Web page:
Tarzan the Terrible

By Edgar Rice Burroughs

Page 157

eastern altar was an active force in the
rites of the temple. Through the chambers and corridors beneath they
led him, and finally, with torch bearers to light their steps, into a
damp and gloomy labyrinth at a low level and here in a large chamber,
the air of which was still heavy with the odor of lions, the crafty
priests of Tu-lur encompassed their shrewd design.

The torches were suddenly extinguished. There was a hurried confusion
of bare feet moving rapidly across the stone floor. There was a loud
crash as of a heavy weight of stone falling upon stone, and then
surrounding the ape-man naught but the darkness and the silence of the


Diana of the Jungle

Jane had made her first kill and she was very proud of it. It was not a
very formidable animal--only a hare; but it marked an epoch in her
existence. Just as in the dim past the first hunter had shaped the
destinies of mankind so it seemed that this event might shape hers in
some new mold. No longer was she dependent upon the wild fruits and
vegetables for sustenance. Now she might command meat, the giver of the
strength and endurance she would require successfully to cope with the
necessities of her primitive existence.

The next step was fire. She might learn to eat raw flesh as had her
lord and master; but she shrank from that. The thought even was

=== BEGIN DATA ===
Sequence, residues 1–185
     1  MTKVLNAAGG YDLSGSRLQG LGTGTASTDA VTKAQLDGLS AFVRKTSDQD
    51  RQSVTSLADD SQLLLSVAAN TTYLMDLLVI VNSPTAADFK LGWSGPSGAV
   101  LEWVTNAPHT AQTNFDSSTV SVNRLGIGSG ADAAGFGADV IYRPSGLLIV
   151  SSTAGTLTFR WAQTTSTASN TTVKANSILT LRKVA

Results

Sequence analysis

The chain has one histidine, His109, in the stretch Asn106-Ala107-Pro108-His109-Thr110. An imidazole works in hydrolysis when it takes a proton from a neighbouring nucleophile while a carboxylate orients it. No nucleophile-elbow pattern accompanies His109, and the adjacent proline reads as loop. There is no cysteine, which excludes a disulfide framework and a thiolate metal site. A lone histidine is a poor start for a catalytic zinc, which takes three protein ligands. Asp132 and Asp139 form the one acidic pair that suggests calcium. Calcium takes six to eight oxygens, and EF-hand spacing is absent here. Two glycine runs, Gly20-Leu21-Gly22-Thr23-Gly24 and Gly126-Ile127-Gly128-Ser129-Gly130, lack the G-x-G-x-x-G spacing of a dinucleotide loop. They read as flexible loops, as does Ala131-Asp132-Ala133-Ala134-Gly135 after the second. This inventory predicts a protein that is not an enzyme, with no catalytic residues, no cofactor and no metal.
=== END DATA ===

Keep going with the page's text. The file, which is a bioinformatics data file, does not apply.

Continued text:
repulsive. She had, however, a plan for fire. She had given the matter
thought, but had been too busy to put it into execution so long as fire
could be of no immediate use to her. Now it was different--she had
something to cook and her mouth watered for the flesh of her kill. She
would grill it above glowing embers. Jane hastened to her tree. Among
the treasures she had gathered in the bed of the stream were several
pieces of volcanic glass, clear as crystal. She sought until she had
found the one in mind, which was convex. Then she hurried to the ground
and gathered a little pile of powdered bark that was very dry, and some
dead leaves and grasses that had lain long in the hot sun. Near at hand
she arranged a supply of dead twigs and branches--small and large.

Vibrant with suppressed excitement she held the bit of glass above the
tinder, moving it slowly until she had focused the sun's rays upon a
tiny spot. She waited breathlessly. How slow it was! Were her high
hopes to be dashed in spite of all

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